Excessive Heat Melts GALAXY S3 Casing, S3 SAFE Enterprise Program Launches

Excessive Heat Melts GALAXY S3 Casing, Samusung to Invetigate the Issue; Galaxy S III SAFE Enterprise Program Launches; Foxconn CEO iPhone 5 will put Galaxy S 3 to Shame.

Though, Samsung's Galaxy S III is a nice device, but the not so best of it - is still having a plastic clamshell. Now, according to latest news, something that could prove to be potentially hazardous to Galaxy S III owners has been discovered.

"This Galaxy S III apparently malfunctioned while in an in-car holster, causing some substantial melting and burn marks across the lower half of the device. The global HSPA+ iteration of Samsung's new flagship apparently sparked into white flames, followed by a bang. While it's certainly not the first smartphone to implode in transit, the damage -- along the base but separate to the charging port -- looks pretty substantial and although the screen still apparently worked, reception was dead," reports Dillon via Engadget.

The device has been sent into Carphone Warehouse for a complete check-up as to what caused the smartphone to explode.

Samsung through its official blog made an statement:

"There have been recent online posts displaying pictures of a Samsung GALAXY SIII that appears to have heat-related damage at the bottom of the device. Samsung is aware of this issue and will begin investigating as soon as we receive the specific product in question.

Once the investigation is complete, we will be able to provide further details on the situation. We are committed to providing our customers with the safest products possible and are looking at this seriously," said Samsung.

Here are the Galaxy S III photos:

Excessive Heat Melts Samsung Galaxy S3

Samsung Galaxy S III Melts due to Heat

Samsung Galaxy S3 Melts due to Heat

Heat Melts Samsung Galaxy S 3

Excessive Heat Melts out Samsung Galax S3

Also, recently, Samsung In the world of Android-powered smartphones, Samsung is the reigning king. It sells approximately 40 percent of all the Android smartphones going to consumers today, and Forrester Research predicts proprietary Android builds (such as Samsung's TouchWiz) will actually surpass Google's Android ecosystem within three years. Of course, this fragments the market and causes trouble for developers and enterprises looking to create and deploy software for Android.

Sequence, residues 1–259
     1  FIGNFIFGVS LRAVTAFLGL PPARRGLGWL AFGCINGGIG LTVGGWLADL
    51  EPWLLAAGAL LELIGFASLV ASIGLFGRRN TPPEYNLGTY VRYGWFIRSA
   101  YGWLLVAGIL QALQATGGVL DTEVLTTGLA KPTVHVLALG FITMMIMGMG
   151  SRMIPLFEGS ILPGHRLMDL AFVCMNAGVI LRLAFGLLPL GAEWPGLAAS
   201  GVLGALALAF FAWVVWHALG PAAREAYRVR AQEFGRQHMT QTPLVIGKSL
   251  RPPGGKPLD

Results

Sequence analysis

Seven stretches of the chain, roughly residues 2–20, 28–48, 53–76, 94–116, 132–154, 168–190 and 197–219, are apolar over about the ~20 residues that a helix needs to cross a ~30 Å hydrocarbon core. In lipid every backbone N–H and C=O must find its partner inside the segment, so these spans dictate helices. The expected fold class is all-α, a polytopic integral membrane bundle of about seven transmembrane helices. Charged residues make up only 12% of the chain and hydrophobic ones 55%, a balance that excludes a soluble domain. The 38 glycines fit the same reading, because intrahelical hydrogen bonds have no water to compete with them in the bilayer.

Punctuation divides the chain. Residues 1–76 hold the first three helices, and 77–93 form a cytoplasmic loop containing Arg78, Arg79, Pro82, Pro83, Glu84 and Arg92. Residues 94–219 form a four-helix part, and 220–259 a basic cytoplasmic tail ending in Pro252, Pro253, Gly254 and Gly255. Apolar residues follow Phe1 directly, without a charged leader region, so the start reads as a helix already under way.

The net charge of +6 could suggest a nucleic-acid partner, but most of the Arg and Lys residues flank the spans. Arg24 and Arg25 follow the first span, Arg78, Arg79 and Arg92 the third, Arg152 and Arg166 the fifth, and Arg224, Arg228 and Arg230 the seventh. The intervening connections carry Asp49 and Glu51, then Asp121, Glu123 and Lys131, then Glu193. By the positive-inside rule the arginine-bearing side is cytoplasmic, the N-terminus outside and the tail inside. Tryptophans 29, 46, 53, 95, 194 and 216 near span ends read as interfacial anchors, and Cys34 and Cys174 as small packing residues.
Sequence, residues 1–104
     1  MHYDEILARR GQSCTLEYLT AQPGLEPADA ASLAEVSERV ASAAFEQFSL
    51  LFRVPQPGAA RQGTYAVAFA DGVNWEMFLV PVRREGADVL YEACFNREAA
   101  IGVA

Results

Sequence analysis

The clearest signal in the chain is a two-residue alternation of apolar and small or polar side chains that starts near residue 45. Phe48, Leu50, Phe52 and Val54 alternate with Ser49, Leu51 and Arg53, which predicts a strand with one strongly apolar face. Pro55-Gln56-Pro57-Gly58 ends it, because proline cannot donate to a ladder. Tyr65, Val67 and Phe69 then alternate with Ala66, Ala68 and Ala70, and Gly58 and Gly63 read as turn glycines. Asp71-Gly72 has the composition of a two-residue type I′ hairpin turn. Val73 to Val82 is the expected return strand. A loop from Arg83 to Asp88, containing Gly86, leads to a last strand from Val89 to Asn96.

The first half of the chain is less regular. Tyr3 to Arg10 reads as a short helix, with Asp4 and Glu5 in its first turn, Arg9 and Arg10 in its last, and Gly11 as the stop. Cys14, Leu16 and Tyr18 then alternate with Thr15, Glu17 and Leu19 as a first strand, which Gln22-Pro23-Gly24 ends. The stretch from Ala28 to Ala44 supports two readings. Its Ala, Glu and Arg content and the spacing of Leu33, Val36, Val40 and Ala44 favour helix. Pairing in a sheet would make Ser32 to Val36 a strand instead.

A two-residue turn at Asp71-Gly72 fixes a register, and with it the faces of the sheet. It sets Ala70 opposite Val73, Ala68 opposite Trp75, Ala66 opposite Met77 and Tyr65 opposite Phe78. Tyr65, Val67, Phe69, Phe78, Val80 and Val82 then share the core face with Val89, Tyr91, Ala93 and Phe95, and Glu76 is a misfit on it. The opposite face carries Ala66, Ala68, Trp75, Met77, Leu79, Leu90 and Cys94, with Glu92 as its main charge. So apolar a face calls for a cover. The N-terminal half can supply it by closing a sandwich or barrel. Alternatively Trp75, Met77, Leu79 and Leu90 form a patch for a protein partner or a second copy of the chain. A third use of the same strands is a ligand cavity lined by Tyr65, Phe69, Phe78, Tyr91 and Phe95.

Samsung unveiled a new brand for Android devices dubbed "SAFE," or "Samsung Approved for Enterprise". Approved for enterprise use, it's similar to Motorola's line of Enterprise Android devices called "Motorola Business Ready," which debuted earlier this year.

Samsung Galaxy S III SAFE Enterprise Program with Trade-in Launches

Samsung says it created SAFE as "a way to defragment the Android OS across multiple versions from Gingerbread to Ice Cream Sandwich at U.S. carriers." And, can only be applied to Galaxy S III, because of its support for several hundred common IT policies, including on-device AES-256 bit encryption, enhanced support for Microsoft Exchange ActiveSync and support for the most widely-used Virtual Private Network (VPN) and Mobile Device Management (MDM) solutions such as Cisco AnyConnect, Juniper Junos Pulse, SAP Afaria, and MobileIron MyPhone@Work, among others.

Samsung has also rolled out a trade-in program to encourage businesses to pick up the Galaxy S III, or other future SAFE Android devices by offering up to $300 cash for each device traded in.

According to report from China Times, Foxconn's Terry Gou, at the Hon Hai Precision's annual meeting of shareholders on Monday urged customers wait for the launch of Apple's iPhone 5, saying that the "new model will put Samsung's Galaxy III to shame."

Gou said he has made it a lifetime goal to defeat Samsung -- "a company with a track record of snitching on its competitors", referring to 2010 action of Samsung of snitching on four Taiwanese companies in an investigation by the European Commission on price-fixing in the flat panel industry.

Gou also claimed that Foxconn's Sakai plant "has an exclusive agreement with Corning Inc., an American manufacturer of glass, on large panel supply," and his "competitors will not be able to secure any such material if they wished to."